In downtown Louisville, Kentucky, there stands an unusual historical marker. Instead of marking the place as the site of an important battle, or the birth or death of a notable person, it marks a moment of clarity that burst into the heart of one of our country’s great religious figures, Thomas Merton, who was a Trappist monk, theologian, mystic, poet, and social activist (among other things). In that very spot, the man’s heart was changed, and it pleases me to no end to know that someone thought that warranted an historic marker.
Here’s what happened: in his book Conjectures of a Guilty Bystander, Merton described the moment that took his breath away. “In Louisville, at the corner of Fourth and Walnut, in the center of the shopping district, I was suddenly overwhelmed with the realization that I loved all these people, that they were mine and I theirs, that we could not be alien to one another even though we were total strangers. It was like waking from a dream of separateness, of spurious self-isolation in a special world. . . . This sense of liberation from an illusory difference was such a relief and such a joy to me that I almost laughed out loud. . . . I have the immense joy of being man, a member of a race in which God Himself became incarnate. As if the sorrows and stupidities of the human condition could overwhelm me, now that I realize what we all are. And if only everybody could realize this! But it cannot be explained. There is no way of telling people that they are all walking around shining like the sun.”
I’ve been thinking of this lately as I walk through our world which is so fractured, and particularly as we begin the liturgical season of Lent (which will have begun on Ash Wednesday, February 26). During Lent, Christians are reminded that we are called to walk humbly with our God, with our hearts open to the possibility of change, of repentance, and of newness of life. Throughout church history, this season has been marked by the Church’s reminders of human sinfulness, and Christians have been taught that they only way to heal themselves of depravity is to repent, and to symbolize that repentance by “giving something up for Lent.” (There have been times in my life when doing so was a meaningful form of self-discipline, so please do not hear this as a rant against taking Lent seriously as a time of personal repentance.)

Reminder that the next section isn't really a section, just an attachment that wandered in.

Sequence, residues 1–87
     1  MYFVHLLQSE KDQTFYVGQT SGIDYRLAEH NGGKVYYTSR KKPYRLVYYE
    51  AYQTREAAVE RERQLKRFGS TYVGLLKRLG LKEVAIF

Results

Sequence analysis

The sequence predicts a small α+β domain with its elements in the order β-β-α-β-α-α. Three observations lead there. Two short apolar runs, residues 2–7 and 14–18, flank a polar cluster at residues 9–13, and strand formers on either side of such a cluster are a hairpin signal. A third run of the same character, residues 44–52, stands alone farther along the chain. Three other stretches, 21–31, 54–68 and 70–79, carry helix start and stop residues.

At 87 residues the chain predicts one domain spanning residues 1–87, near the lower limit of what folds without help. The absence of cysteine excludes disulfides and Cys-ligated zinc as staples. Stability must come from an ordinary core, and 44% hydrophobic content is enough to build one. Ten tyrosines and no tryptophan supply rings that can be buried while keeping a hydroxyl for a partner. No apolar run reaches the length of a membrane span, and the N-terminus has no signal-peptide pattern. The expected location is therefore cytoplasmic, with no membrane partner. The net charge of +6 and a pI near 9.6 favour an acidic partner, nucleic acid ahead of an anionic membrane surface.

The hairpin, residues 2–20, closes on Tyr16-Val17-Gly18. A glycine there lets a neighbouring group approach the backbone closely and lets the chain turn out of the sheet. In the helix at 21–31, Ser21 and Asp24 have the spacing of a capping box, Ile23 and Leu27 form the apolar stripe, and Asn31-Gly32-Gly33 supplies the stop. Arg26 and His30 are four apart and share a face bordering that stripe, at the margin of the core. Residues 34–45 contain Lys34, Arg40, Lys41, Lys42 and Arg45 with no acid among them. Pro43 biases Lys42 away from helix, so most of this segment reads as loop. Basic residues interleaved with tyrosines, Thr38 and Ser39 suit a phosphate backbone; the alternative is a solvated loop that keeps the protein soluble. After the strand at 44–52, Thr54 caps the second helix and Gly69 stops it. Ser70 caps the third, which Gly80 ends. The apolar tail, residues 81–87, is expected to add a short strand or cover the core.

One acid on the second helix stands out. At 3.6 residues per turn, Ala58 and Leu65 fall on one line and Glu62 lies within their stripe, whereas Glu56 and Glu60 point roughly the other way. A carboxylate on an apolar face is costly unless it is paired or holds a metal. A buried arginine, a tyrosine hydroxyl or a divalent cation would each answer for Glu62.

I think Lent could be about so much more than that, though. What if the sins we’re called to turn away from are not so much the typically noted individual sins (gluttony, anger, lust, greed, you name it)? What if our greatest shortcomings are not the sins of the flesh but rather the sin of division within humanity, and division between humankind and the rest of creation? As Merton put it, the thought that we are separate from one another is just a dream ~ and, I would say, it’s a bad dream. What if instead of judging the sins of others or wallowing in our own sense of personal shame, we are called to try to mend divisions, to act from deep love even with people whose values are foreign to us?
Honestly, I cannot think of a harder task; especially during a contentious political season, it takes real effort to move from dualistic thinking to a deeper, transformed view of the world. For me, the thing that makes me most able to see people shining with that divine light Merton wrote of is time spent in prayer with others. If you’re like me, feeling that you just can’t get there alone, consider coming to church one of these Sundays ~ at 10 a.m. for our traditional worship service, or 5:30 p.m. for silent meditation! I believe you’ll find healing, courage, and strength in practicing together through prayer, song, silence, and community connection.
So I ask you: where were you when your heart broke open wide enough to admit the possibility that we are all more alike than different? Where in your life should there be a marker to indicate to the world that, on that spot, Love broke in and changed you? I don’t know what lies ahead for us in these tumultuous days. I do know that Love is powerful, and can transform hearts and lives, and maybe even the world. May it be so for you and for me.